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What’s the Draw to the Mysterious Kairos Retreat? 

Marist Seniors boys on Kairos retreat with Father Tom Hurley  

Marist takes part in the Catholic retreat, Kairos, every year. Seniors have the opportunity to be a part of this three-and-a-half day retreat in small groups of boys or girls away from Marist. This retreat is designed to provide a safe space for people to open up to those around them, listen, and relate to each other. That is the extent of the information released about this secretive retreat. 

Kairos is a religious retreat that originated in 1965 and spread nationwide. Its purpose is to deepen personal relationships, strengthen people’s belief in God, and reflect on oneself. This is not for everyone, however. Kairos may be a different experience for each person who participates.

According to, “(Kairos) is offered to seniors and gives students three-and-a-half days of talks, discussion, prayer and reflection. Students develop greater trust in themselves and others and build a stronger relationship with God.” 

Senior Olivia Skalitzky said, “It was a special opportunity to learn about myself and others. I had a great experience and I was able to grow closer to God.” 

Although experiences may differ, Kairos is known to have many positive effects on the students who do choose to participate. Except for participants, no one knows what really happens at Kairos due to confidentiality rules. Students keep the whole experience private, so that when new people attend they can see for themselves and experience it on their own.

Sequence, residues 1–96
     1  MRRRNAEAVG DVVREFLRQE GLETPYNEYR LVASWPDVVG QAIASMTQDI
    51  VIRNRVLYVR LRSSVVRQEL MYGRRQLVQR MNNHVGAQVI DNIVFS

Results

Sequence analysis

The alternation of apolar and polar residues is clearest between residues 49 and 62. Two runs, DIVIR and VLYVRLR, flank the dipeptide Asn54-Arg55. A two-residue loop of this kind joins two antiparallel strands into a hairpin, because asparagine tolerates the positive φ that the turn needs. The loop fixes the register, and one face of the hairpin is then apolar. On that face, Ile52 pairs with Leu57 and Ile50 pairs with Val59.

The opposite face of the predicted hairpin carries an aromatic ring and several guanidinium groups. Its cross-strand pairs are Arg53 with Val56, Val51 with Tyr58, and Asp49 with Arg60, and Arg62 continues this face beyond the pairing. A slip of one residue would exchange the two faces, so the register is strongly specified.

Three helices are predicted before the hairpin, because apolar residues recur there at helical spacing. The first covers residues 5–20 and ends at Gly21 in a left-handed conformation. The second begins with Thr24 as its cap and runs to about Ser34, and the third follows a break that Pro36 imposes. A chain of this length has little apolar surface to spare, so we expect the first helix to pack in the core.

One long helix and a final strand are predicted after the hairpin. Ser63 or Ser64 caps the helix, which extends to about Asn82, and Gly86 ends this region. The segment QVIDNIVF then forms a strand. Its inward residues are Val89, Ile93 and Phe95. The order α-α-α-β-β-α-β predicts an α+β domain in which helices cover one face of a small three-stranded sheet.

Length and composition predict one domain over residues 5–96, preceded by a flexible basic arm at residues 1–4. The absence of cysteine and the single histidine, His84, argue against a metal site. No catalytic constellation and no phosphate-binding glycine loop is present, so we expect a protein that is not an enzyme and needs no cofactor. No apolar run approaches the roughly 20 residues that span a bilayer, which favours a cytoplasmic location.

’20 Alumni Maddie Bouck said, “When I went to Marist there were a lot of mixed opinions on whether Kairos lived up to the hype or not. Some people agreed it didn’t make much of a difference but others swore it changed their lives. Your experience all depends on how you open up and what you make of the situation you’re put in.” 

Kairos is the type of retreat that resonates with people throughout the rest of their lives. It stays with them for many reasons, mainly because of the relationships you make with the people you go to Kairos with. It is also typically a turning point in your relationship with God. Bringing you closer to Him, strengthening your faith, and even deepening the role He plays in your life. 

“During Kairos I was placed into a group of girls I had known of but never had any interactions with prior. Little did I know these girls would be some of my best friends to this day, four years later. I’ve also worked to keep up my faith and truly put my trust in God ever since the retreat,” said Bouck.

Marist offers a total of five opportunities for girls to attend Kairos and boys three throughout the school year. It begins mid October senior and girls may sign up to go on Kairos until early April. For boys, however, their last retreat is March 19. The retreat is completely optional but recommended by past attendees and teachers. 


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Faye Bouck, Journalism and Media 2 Writer
My name is Faye Bouck and I am a sophomore here at Marist. I play lacrosse for Marist and cheer for Mount Carmel. When I am at home I love to go for walks with my dog and watch One Tree Hill. My favorite thing to do when I am bored is go out with my friends or go to Swallow Cliff!
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